The modern state of Israel was essentially a secular endeavor, with its leaders (all the way back to Herzl) looking to step away from the dark past for the Jews. In 1967, the surrounding Arab countries moved to attack Israel, but wound up losing control of the West Bank (then part of Jordan), the Sinai peninsula (part of Egypt), Gaza, and the Golan Heights (part of Syria) to Israel. This changed the character of Israel into an occupying force; many, including as mentioned above, David Ben-Gurion, advocated an exit from the occupied territories. The rise of settlers, largely but not entirely religious, began to complicate matters for the government. Much of what we see in modern Israel today traces back to the 1967 war, and the inability and/or unwillingness for the Israeli government to exit the occupied territories. Additionally, Israel's laudably broad welcoming of immigrants resulted in separation between the generally white Ashkenazi (Eastern European) community and darker complexion Sephardic/Mizrachim (Medeterranean/Middle East) communities. In 1977 Menachem Begin - of Russian descent - is elected to Prime Minister; he supported religious and Mizrachim communities, opening up a new era for these groups to influence Israeli politics. (Note it was Begin who made peace with Egypt and gave back the Sinai.) A complex and tense dynamic arises, and Gordis takes us through Israel's varying wars, successes and failures, all the while confronting violent terrorism and continued efforts by much of the international community to de-legitimize Israel's right to exist.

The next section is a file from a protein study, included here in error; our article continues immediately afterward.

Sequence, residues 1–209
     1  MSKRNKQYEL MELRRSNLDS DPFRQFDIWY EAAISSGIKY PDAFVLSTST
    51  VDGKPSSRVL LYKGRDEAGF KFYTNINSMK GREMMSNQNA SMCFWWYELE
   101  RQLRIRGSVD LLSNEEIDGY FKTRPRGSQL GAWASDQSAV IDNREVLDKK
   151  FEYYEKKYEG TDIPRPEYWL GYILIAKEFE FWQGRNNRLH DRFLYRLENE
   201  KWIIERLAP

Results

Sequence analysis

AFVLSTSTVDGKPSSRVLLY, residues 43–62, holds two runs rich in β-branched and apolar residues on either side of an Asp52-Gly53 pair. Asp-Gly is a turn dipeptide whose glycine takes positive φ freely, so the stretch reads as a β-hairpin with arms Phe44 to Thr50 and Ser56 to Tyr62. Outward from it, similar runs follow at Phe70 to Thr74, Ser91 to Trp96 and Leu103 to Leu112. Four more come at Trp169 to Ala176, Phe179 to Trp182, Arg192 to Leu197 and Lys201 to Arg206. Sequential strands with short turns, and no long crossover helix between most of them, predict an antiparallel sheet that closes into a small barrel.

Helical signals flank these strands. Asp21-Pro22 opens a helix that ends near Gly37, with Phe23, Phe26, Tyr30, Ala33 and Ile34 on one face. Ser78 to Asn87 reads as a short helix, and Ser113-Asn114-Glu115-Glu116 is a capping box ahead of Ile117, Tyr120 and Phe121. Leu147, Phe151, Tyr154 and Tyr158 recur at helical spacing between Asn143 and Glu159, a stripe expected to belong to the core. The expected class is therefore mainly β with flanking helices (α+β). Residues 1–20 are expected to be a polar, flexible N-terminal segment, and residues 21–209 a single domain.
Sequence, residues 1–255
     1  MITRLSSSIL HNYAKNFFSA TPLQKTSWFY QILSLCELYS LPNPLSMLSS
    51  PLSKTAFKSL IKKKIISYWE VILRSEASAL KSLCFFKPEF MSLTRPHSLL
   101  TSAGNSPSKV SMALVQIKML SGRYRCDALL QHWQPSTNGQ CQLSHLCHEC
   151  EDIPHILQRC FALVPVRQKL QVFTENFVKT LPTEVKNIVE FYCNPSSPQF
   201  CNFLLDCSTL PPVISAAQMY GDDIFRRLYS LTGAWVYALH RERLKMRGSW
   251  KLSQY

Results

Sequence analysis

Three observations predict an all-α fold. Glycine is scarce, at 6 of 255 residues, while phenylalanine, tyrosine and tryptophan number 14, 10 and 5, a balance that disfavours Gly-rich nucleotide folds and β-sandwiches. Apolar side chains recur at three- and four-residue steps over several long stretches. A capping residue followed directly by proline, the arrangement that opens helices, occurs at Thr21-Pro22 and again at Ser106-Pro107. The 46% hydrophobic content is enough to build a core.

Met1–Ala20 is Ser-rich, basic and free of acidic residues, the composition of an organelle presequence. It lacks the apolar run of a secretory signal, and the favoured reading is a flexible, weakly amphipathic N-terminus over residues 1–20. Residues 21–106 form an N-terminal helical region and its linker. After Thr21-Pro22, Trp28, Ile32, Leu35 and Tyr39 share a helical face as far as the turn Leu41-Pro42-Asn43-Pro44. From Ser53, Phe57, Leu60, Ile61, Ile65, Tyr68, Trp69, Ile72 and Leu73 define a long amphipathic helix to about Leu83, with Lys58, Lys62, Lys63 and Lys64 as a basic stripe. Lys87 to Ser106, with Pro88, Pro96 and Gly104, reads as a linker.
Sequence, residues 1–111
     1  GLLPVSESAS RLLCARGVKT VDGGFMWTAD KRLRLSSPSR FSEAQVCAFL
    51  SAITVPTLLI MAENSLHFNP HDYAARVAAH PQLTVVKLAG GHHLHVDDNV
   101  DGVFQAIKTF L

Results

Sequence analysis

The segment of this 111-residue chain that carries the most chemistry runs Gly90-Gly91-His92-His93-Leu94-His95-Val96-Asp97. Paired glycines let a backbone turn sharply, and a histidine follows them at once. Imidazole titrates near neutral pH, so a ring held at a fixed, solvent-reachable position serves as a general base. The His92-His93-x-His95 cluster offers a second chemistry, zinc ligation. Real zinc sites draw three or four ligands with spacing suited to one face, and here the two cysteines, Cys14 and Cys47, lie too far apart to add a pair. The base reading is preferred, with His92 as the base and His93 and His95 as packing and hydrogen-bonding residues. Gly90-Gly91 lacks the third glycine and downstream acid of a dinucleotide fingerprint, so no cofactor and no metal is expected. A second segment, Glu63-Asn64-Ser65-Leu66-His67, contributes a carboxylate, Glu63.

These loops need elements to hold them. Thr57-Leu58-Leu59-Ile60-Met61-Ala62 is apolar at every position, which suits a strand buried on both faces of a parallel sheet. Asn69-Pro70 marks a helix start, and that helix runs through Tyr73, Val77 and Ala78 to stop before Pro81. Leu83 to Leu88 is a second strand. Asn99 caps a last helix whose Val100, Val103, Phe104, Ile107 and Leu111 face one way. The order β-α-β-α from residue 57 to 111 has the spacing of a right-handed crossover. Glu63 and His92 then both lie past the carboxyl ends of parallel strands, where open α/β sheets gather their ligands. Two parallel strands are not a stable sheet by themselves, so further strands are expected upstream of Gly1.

Gordis' approach to the Rabin assassination differs from Ephron in the sense that Ephron took a generally positive approach to Arafat's detailed involvement in the peace process and how his relationship with Rabin developed, while Gordis reminds us that Arafat did not speak out against the continued violence perpetrated by Hamas, and puts the blame for violence in large measure on Arafat's shoulders. Ephron focused on the decay caused by radical extremism in some ultra-Orthodox Jewish communities as a catalyst to Rabin's assination; while Gordis agrees with the premise put forth by Ephron, his focus is on the repeated cycles of violence perpetrated by Hamas, Islamic Jihad and other groups to derail the process, separate and apart from Rabin's killing. Subsequent efforts, whether by Shimon Peres or Ehud Barak, both of the Labor party (the more liberal party), proved fruitless. Ariel Sharon of Likud (the conservative party) decided to just pull up stakes and exit Gaza, which led to Hamas controlling the region.